The first two female Judge Advocates General (JAGs) of the Navy and Army, joined by the other top uniformed JAGs from the Air Force, Marine Corps, and Coast Guard, wrote a strongly worded letter warning about the dangers of the legislative scheme by Senator Kirsten Gillibrand (D–NY) to address the issue of sexual assault in the military.
Their letter echoes some of the fundamental flaws Heritage highlighted last week in our Special Report. The JAGs have “grave concerns” that the Gillibrand scheme would put the “effective administration of military justice” in the military “in jeopardy.” Their letter, which is to be distributed to all U.S. Senators today, adds further proof that the Gillibrand scheme is risky for victims of sexual assault, undermines military readiness and combat effectiveness, and is totally unworkable.
The JAGs highlight seven major fundamental flaws in the Gillibrand scheme:
- It would establish “two parallel systems of justice”—the current system for misdemeanor and military-specific crimes and a new one to handle all felonies. The JAGs rightly point out that this scheme would create a “mismatch between the offense and the judicial structure” for handling offenses.
- Since the structure of the military justice system encourages all known offenses to be brought in a single prosecution, the Gillibrand scheme “fails to establish the process for disposition” of cases where there are misdemeanor and felony charges committed by the same individual. That in turn would either create “parallel prosecutions” or “jurisdictional problems” that would “further erode a commander’s authority over good order and discipline.”
- Stripping commanders of the ability to refer criminals to a court-martial would hobble the commander’s ability to “employ non-judicial disciplinary measures in instances of minor misconduct” of sexual assault. (The Gillibrand scheme gives the sole authority to refer cases to court-martial to military prosecutors, which, as we discuss in our Special Report, will actually result in fewer sexual assault prosecutions.) Since service members have the right to demand trial by court-martial in lieu of non-judicial punishment, those cases rejected by the military prosecutor and sent back to the accused’s commander hamstrings the commander, who has no legal options to deal with the misconduct.
- The Gillibrand scheme “limits our ability to efficiently and effectively plea bargain” cases, which are routinely used in all criminal justice systems. The JAGs note that victims often desire plea bargains, as this option allows them to avoid testifying, but the Gillibrand scheme would “almost certainly” result in “fewer plea bargains and more contested trials.”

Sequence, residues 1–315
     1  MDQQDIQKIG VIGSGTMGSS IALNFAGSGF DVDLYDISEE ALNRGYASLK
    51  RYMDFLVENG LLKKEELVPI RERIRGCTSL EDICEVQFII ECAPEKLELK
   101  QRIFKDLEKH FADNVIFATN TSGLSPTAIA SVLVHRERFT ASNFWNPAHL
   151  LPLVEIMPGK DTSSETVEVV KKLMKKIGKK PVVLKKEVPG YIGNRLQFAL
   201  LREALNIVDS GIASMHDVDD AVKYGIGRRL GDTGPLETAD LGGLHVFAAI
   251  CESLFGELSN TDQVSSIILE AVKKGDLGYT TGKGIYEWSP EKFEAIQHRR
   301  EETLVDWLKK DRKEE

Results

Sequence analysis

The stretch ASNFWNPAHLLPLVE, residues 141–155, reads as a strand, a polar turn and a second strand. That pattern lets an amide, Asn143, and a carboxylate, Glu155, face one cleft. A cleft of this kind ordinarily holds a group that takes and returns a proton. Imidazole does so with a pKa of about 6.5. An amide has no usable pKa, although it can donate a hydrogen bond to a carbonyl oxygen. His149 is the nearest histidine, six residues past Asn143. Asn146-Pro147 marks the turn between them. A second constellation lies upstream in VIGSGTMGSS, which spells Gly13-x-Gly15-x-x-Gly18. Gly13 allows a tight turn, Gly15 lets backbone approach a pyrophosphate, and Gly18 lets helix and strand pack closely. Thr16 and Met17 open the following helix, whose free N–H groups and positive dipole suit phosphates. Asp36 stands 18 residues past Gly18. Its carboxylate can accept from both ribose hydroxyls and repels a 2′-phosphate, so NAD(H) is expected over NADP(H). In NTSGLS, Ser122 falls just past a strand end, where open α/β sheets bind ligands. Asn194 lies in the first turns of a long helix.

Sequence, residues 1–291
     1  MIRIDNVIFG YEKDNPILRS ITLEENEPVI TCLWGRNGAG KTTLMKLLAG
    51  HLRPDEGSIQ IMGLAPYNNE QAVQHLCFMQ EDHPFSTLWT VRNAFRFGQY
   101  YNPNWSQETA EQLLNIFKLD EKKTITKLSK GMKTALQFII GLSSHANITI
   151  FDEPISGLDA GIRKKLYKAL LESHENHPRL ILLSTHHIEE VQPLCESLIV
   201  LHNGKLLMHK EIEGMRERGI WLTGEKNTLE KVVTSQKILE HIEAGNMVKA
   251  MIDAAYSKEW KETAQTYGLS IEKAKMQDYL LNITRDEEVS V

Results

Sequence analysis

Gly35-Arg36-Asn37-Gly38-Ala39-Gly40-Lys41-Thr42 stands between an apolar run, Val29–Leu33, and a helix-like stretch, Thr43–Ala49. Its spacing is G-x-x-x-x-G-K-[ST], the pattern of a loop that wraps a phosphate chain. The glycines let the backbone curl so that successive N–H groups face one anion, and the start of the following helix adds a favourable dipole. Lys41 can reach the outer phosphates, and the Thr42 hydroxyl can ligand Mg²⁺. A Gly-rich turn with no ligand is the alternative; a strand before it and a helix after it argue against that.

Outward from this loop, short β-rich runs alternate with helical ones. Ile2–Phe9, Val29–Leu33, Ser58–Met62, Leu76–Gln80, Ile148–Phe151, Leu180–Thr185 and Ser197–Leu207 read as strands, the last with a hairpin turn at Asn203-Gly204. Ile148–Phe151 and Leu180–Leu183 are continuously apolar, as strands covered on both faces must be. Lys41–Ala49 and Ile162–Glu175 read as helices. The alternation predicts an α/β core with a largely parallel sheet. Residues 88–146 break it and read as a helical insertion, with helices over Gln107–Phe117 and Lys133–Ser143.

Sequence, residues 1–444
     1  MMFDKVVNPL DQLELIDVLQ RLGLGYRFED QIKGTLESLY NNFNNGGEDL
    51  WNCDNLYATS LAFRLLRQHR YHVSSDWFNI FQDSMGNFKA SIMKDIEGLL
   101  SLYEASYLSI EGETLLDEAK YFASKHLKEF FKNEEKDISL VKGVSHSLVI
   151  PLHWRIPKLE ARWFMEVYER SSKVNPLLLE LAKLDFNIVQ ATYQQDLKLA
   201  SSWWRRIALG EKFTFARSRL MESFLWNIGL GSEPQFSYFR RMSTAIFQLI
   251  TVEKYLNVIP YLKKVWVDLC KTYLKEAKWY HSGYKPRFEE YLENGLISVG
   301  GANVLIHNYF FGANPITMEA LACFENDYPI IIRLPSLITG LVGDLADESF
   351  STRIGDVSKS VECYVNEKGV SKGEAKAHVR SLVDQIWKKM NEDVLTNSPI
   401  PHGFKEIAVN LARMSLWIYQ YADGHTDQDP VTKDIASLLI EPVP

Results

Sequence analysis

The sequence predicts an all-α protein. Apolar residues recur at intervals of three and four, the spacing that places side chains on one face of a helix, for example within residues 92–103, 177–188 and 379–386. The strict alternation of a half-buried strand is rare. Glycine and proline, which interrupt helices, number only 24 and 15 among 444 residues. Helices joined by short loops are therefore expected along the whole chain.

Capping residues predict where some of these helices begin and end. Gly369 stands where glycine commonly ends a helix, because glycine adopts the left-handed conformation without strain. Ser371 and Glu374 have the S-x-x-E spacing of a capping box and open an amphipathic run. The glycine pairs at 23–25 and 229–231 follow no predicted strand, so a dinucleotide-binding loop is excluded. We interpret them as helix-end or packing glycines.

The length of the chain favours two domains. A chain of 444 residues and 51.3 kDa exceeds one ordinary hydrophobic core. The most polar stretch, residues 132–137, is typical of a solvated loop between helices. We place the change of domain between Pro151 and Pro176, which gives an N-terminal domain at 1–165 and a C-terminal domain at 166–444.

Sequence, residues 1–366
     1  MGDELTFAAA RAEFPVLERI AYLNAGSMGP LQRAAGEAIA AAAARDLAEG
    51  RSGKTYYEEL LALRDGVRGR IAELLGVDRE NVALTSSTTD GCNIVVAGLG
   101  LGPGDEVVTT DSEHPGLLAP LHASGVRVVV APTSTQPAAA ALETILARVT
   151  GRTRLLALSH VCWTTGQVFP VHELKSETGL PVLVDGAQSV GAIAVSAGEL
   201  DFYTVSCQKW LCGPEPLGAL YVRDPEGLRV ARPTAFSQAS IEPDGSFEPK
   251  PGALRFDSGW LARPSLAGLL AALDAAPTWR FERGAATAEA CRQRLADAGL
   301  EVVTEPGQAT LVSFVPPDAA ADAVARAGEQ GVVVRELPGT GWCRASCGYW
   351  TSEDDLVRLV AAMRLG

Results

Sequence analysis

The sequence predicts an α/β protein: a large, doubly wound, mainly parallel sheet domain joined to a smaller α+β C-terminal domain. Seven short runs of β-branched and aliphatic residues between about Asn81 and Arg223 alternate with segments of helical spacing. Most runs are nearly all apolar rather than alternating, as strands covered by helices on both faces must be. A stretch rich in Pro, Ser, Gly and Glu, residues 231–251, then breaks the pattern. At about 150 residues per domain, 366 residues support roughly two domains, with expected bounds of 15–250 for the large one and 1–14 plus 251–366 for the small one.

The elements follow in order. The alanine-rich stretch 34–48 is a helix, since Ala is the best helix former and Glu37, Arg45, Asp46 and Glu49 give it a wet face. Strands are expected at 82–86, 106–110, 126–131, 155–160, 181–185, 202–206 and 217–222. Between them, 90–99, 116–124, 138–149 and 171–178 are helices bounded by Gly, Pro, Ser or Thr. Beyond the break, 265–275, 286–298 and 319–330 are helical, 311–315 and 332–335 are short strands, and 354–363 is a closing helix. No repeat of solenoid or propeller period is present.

- The Gillibrand scheme “fails to address an essential jurisdictional requirement for all general courts-martial” by failing to make clear “whether a pretrial investigation” is required and who has the authority to “appoint an investigating officer.” Those deficiencies alone “create the possibility that an appellate court would overturn court-martial convictions.”
- The scheme also raises “constitutional due process concerns regarding the selection of court-martial personnel,” including prosecutors, defense counsel, judges, and jurors. The Gillibrand scheme would consolidate into a single office that authority to make those decisions, which naturally results in appellate litigation that might “invalidate such a consolidation of power in one office.”
- As we pointed out in our Special Report, Senator Gillibrand marketed her scheme to other Senators as “cost neutral” when in fact is very expensive and would result in a massive dislocation of senior JAG talent from the services that would take decades to recover from. The services JAGs point out that the scheme would cost the government “an additional $113 million per year,” would “significantly impact other capabilities,” would remove as many as six judge advocates from “critical billets,” and would take years to develop “adequate replacement judge advocates.”
The only policy solution that protects the rights of victims, defendants, and commanders is to allow commanders to refer cases to court-martial while establishing career tracks for military prosecutors and defense counsel to mirror best practices in the civilian sector.
That, along with training and other modest improvements to the military justice system, is the best way to address the issue of sexual assault—and all crime—in the military.